Luna, the new Latin American-themed, full-service bar and restaurant located at 64 Ionia Ave. SW, opened its doors last week and will soon be opening the eyes and taste buds of the local food community to something very distinct and flavorful.

After working on the concept for almost two years, Mario Cascante wanted to bring something unique to the Grand Rapids food scene. While working with Rockford Development to identify a location, an opportunity opened up on Ionia Ave. SW and Cascante was ready.

While remaining true to his roots (Cascante is a native of Costa Rica), he says the new spot will also be "distinctly different" than his first venture, Tacos El Cunado at the Downtown Market.  

Cascante says Luna will feature meals that are prepared with the flavor profiles of Central and South America. Because of the breadth of spices, foods, and techniques in this type of cuisine, Cascante is reluctant to generalize about the menu but he says customers can expect a different type of spice level, "flavorful but not too spicy" and very different takes on traditional street foods like tacos and flautas.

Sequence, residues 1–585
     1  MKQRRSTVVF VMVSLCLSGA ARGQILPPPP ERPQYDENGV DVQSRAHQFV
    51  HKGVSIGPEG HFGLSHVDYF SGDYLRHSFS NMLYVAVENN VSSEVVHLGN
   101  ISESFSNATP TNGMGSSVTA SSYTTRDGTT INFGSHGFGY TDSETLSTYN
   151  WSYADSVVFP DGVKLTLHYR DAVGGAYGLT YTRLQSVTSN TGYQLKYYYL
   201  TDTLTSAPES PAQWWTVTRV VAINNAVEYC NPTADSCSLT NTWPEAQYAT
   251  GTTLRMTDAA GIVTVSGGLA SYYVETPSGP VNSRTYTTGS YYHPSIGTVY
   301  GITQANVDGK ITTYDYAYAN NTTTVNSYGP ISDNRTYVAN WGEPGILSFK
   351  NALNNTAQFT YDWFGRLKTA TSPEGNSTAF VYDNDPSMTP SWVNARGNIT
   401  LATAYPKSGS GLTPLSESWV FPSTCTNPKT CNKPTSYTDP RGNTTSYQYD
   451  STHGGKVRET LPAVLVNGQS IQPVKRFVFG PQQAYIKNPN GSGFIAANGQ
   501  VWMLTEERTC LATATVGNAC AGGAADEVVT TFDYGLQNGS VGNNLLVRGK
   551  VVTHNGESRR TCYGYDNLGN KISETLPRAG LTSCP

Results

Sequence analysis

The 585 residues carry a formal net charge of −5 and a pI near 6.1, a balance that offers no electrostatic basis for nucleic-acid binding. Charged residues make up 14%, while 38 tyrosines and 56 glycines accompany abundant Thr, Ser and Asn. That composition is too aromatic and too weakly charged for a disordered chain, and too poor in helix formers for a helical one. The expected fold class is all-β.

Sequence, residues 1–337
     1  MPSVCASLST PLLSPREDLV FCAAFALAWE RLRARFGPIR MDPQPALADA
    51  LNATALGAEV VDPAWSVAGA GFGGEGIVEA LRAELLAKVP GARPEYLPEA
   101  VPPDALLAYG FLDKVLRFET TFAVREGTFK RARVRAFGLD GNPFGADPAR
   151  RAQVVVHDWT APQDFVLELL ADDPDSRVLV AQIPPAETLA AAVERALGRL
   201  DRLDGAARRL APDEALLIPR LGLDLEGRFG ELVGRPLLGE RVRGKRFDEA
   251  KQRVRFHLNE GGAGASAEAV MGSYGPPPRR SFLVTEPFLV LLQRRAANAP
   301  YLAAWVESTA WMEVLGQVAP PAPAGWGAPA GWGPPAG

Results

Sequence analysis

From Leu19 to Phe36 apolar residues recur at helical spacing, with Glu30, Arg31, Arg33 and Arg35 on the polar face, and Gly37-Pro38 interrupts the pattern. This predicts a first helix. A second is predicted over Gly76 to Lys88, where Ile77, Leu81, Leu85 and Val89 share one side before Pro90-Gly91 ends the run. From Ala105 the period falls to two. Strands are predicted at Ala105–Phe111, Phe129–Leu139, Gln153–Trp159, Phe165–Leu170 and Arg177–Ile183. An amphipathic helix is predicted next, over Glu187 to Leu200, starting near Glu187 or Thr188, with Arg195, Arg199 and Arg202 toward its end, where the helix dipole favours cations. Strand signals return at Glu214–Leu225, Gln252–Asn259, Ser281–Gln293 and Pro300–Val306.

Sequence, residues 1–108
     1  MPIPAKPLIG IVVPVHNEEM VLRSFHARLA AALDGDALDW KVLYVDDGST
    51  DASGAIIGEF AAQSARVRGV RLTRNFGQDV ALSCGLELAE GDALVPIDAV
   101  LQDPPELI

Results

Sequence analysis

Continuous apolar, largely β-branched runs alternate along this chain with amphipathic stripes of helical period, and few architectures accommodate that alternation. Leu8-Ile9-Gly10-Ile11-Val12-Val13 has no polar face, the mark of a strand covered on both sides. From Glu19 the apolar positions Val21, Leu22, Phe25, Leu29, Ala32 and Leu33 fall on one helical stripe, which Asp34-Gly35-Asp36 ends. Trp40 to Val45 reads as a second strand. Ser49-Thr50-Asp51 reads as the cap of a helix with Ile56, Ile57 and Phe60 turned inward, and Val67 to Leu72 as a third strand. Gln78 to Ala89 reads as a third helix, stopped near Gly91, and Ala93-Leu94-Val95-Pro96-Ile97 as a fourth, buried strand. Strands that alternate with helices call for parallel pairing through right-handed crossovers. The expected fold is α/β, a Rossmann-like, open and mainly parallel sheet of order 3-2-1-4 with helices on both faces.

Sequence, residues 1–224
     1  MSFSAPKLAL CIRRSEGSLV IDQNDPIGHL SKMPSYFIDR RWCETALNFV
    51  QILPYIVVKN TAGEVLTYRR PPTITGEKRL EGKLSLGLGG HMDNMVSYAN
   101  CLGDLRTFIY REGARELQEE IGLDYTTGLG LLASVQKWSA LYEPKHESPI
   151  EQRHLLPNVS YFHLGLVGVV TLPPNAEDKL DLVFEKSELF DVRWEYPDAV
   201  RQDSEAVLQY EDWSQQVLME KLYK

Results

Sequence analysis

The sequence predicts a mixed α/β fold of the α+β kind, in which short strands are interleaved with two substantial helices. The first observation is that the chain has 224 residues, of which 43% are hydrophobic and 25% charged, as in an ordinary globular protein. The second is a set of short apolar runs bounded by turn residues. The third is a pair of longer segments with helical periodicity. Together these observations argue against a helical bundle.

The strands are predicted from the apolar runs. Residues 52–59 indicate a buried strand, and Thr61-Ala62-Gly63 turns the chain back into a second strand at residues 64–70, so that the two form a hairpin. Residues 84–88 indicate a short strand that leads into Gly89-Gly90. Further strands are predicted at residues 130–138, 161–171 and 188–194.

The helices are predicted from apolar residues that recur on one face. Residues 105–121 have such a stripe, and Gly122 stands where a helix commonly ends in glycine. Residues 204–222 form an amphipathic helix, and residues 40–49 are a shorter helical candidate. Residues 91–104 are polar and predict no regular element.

However, he says the menu will also feature stews, vegan fair and South American-style steaks. "This is not a continuation of Tacos El Cunado. It will be a very different vibe and atmosphere. You can sit down and enjoy your meal. The flavor profile will be Latin American and it will be very refined and approachable."

Besides the unique menu, Cascante said Luna will feature a very good wine list, a "thoughtful" beer list and and interesting cocktails.

Cascante says he anticipates 30-40 jobs to be created with his new restaurant; he has several openings and encourages individuals to apply online here.